A Moscow resident faces murder charges for shooting and killing a representative of his creditors who had arrived at his apartment in the company of court bailiffs to take inventory of the man's possessions, the Investigative Committee said in a statement Thursday.
The bailiffs and an unidentified “plaintiff's representative” showed up at the man's apartment on Frunzenskaya Ulitsa in central Moscow earlier on Thursday, the statement said. As the group was taking inventory, the man allegedly pulled out a handgun and shot the creditors' representative, who died at the scene, the Investigative Committee said.
The alleged shooting was witnessed by court bailiffs, the statement said.
The country's economic decline and the ruble's nosedive has put Russians deeply into debt and left them unable to meet their credit payments.
The total amount of past-due debts in the country increased 48 percent in 2015 from the previous year, and reached 1.15 trillion rubles (about $15 billion at the current rate), the Vedomosti business daily reported on Jan. 28, citing the nation's Unified Credit Bureau.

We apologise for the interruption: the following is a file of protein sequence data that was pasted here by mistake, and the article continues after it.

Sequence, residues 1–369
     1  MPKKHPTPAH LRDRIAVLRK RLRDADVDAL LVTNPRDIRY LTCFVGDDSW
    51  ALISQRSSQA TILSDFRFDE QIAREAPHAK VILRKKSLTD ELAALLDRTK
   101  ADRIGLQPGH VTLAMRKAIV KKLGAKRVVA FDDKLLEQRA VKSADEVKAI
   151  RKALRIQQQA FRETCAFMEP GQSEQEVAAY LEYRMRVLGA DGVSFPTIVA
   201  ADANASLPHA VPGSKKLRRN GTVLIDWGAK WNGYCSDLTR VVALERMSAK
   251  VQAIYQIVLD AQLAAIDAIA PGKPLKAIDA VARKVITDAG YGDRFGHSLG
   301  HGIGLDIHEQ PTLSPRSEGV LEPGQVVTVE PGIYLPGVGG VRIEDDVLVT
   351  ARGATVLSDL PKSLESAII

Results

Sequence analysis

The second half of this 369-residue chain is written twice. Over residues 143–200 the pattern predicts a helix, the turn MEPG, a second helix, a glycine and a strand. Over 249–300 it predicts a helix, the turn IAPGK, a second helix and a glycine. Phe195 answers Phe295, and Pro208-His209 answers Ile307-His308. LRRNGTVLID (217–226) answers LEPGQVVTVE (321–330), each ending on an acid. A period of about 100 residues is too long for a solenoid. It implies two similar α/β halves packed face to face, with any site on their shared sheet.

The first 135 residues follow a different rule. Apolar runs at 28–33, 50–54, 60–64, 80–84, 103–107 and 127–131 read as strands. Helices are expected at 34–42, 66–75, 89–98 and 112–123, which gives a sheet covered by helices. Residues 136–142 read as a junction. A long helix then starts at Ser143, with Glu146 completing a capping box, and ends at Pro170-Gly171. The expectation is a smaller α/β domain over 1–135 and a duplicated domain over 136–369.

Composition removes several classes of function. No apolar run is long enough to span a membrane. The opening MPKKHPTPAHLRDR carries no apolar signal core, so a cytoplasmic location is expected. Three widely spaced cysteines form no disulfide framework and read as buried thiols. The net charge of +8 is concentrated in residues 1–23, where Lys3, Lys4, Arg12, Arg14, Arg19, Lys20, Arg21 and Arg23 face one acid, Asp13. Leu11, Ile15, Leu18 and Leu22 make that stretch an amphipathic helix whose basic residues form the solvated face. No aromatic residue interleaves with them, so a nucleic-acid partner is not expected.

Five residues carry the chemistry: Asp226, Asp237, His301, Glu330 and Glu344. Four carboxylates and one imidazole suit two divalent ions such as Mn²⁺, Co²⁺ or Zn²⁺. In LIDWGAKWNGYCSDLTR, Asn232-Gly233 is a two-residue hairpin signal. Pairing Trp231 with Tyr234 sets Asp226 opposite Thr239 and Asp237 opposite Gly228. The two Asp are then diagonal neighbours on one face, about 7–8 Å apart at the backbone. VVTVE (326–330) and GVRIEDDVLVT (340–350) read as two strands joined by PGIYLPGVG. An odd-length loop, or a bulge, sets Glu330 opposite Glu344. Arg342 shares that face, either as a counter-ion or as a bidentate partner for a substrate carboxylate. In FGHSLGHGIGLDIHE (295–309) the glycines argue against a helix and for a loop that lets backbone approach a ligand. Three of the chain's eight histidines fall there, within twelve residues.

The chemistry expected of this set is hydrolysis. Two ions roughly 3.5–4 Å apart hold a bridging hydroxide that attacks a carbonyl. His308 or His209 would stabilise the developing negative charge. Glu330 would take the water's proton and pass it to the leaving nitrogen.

Meanwhile, debt collectors have allegedly been using increased force and violence to make Russians pay.
A toddler and his grandparents in central Russia's Ulyanovsk region were injured when a Molotov cocktail was thrown into their home in late January — in an incident the family blamed on a debt collection agency to which they owed money.
The Molotov cocktail attack came a few days after the home's window was smashed by a brick, carrying a note that threatened to burn down the house unless its residents paid up, the family said, tabloid-style LifeNews reported.
Amid growing tensions over unpaid debts, a group of State Duma lawmakers introduced a bill early this month at the lower house of parliament, calling for suspending the activities of debt collectors — who, the authors of the bill argued, operate in a hazy zone, unregulated by laws.
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